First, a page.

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A team of chemists has found that the element californium could change how the world stores radioactive waste and recycles fuel.

Using carefully choreographed experiments, the researchers found that californium had the ability to bond and separate other materials, in addition to being extremely resistant to radiation damage. According to Albrecht-Schmitt, Florida State professor and lead researcher on the project, the discoveries could help scientists build new storage containers for radioactive waste, as well as help separate radioactive fuel, thereby allowing it to be recycled.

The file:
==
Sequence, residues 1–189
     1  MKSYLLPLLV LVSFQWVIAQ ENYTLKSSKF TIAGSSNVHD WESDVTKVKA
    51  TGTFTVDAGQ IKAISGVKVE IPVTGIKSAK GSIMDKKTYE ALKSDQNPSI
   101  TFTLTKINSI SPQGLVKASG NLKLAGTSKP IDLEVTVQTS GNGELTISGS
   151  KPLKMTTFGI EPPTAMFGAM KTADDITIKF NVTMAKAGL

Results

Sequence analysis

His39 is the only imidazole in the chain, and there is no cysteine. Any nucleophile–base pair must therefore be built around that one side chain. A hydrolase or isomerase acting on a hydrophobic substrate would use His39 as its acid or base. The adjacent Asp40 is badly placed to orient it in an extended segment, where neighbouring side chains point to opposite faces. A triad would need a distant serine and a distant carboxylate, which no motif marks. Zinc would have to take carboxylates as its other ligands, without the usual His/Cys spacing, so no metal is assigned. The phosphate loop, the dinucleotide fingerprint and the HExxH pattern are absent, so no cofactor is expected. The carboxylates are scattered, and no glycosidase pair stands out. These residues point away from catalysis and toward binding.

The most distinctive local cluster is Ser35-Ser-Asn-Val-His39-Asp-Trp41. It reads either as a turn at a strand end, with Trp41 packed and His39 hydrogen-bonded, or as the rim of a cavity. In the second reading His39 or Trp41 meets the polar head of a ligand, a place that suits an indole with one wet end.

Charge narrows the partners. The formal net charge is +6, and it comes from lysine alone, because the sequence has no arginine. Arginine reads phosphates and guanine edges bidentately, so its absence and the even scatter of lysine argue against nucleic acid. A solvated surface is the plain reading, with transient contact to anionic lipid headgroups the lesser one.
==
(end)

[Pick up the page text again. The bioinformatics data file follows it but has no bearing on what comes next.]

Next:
“We’re changing how people look at californium and how it can be used,” Albrecht-Schmitt said.

The experiments were conducted at Florida State, but Albrecht-Schmitt worked with theorists and scientists from nine universities and institutes, including Oak Ridge National Laboratory which supplied the californium.

The element is found in very concentrated uranium deposits but is also produced at the Research Institute of Atomic Reactors in Russia and the Department of Energy’s Oak Ridge National Laboratory in the United States.

The cost of the element, however, could be a limiting factor. The 5 mg of Californium used for the experiments cost $1.4 million (R15million).

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